They have continued with that. The ECB stands up for the southern countries of the EU and that’s fine – it was fine – because the EU was a net exporter. And because of that, you still had demand for the currency from abroad. With the whole Russia gas crisis where Germany and other countries were cut off from Russian gas, their energy costs crept up so much that it actually wiped out their net exports. Now Germany even, and all these other countries are now also net importers, which has caused a demand for the euro to fall.
You saw the euro hit parity with the dollar earlier. You are actually looking at a scenario where the euro itself weakens. The problem with the ECB is that it really only has one mandate, which is to maintain the stability of the euro. It is not to protect the entire EU and prevent it from dissolving.
It starts to form these perverse incentives where if they are going to protect the euro, that means raising [interest rates]. But if they raise interest rates and they stop buying debt from southern countries, that will protect the value of the euro. By doing that you raise prices, you stop printing money.
Then you get into a scenario where nobody buys the debt of the PIGS nations. And at that point they default on their debt, and if PIGS nations default on their debt – again, this is Portugal, Italy, Greece and Spain – you run into a problem where they need to renominate in their own currency so that they can actually write out and blow your way out of it.
It’s their only choice, and it’s starting to happen. The ECB actually raised interest rates by 25 basis points last week. At the same time you were watching Super Mario [Draghi] resign as Prime Minister of Italy. You are seeing some of the indications of this happening right now.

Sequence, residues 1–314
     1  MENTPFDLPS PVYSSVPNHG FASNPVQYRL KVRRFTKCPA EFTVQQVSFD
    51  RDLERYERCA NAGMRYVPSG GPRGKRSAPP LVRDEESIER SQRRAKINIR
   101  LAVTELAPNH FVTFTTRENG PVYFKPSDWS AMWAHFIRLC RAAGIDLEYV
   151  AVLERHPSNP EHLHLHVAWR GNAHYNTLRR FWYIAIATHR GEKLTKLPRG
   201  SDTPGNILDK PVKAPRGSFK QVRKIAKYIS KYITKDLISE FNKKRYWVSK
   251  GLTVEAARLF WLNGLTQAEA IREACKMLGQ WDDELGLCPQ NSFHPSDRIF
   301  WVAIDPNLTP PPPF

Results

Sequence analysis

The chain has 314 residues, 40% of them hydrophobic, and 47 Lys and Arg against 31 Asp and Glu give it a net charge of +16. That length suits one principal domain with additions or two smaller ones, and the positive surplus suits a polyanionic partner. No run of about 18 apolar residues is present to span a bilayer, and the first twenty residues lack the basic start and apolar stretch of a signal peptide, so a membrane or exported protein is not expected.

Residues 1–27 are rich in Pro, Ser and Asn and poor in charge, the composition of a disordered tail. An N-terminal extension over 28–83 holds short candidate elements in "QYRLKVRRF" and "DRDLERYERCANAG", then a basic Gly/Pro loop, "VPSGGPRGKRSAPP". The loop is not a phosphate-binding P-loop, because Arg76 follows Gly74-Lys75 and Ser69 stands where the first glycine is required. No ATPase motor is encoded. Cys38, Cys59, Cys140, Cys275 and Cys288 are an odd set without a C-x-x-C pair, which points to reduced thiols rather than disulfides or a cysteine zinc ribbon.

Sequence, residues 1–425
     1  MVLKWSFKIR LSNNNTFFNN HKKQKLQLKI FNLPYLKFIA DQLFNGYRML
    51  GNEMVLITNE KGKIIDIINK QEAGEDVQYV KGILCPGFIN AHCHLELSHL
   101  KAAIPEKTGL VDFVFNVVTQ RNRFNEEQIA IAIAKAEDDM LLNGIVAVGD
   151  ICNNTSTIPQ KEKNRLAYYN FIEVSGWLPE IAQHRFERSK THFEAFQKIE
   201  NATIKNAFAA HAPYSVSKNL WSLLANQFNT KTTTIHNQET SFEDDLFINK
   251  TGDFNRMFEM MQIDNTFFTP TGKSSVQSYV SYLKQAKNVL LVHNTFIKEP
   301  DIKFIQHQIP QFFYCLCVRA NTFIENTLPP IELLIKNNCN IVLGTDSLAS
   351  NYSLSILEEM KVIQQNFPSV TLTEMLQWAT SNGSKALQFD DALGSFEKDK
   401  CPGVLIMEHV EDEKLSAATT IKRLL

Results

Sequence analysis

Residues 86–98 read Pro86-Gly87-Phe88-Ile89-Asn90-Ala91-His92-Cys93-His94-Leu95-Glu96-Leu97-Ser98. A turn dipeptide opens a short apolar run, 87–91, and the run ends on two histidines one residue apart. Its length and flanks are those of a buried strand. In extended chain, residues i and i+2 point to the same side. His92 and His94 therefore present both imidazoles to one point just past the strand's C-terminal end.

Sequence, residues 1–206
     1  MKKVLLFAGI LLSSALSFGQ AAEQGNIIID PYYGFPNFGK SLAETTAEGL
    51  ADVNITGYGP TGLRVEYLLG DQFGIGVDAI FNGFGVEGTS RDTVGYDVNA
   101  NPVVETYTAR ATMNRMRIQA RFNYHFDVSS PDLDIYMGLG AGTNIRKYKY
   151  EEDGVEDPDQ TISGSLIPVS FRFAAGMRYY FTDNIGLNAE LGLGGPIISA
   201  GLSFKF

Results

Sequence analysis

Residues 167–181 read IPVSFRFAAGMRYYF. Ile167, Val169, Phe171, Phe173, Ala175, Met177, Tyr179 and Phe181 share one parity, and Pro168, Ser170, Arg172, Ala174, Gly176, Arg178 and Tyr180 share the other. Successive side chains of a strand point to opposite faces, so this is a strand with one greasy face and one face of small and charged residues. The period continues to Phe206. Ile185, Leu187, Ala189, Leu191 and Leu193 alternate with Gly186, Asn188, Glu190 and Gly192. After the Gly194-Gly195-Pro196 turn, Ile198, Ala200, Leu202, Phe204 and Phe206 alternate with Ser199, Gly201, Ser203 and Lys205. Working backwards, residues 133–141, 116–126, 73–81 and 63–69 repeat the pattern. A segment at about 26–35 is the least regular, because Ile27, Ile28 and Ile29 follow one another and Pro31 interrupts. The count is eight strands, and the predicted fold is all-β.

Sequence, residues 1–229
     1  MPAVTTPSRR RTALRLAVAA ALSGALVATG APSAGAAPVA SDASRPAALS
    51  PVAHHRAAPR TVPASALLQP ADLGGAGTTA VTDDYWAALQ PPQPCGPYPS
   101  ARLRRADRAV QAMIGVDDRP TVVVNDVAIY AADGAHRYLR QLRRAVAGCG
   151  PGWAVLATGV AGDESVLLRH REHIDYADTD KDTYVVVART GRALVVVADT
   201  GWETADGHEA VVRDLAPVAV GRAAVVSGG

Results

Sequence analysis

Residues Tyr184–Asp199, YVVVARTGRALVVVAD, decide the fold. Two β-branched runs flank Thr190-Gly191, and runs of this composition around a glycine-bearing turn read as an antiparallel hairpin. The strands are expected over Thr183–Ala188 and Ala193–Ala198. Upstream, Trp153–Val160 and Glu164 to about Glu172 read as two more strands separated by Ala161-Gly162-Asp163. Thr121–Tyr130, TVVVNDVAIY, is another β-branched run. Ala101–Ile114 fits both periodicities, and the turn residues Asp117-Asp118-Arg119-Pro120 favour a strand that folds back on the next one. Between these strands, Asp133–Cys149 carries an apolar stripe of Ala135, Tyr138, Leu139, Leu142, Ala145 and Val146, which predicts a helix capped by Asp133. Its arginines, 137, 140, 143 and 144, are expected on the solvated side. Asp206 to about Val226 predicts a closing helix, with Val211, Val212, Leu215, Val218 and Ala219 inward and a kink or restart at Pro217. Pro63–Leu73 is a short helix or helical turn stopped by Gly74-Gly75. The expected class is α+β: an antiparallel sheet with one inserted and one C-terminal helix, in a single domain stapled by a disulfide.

This is very important to be aware of. The alternative would be the northern countries; you have Scandinavia plus Germany, which had been the economic powerhouse—I’ll explain why all of this matters with Bitcoin—but you have the economic powerhouses that have been these net exporters that are seeing inflation in the system. And they say, wow, okay. We will not continue to print all this money. We need to tighten up so that we don’t all see this rampant inflation, to support the PIGS nations. If inflation is not curbed, if government spending is not stopped, the northern countries will all elect their own populist leaders, similar to how Britain exited Brexit, and you will see Germany and some of these northern countries exit the EU on the other end .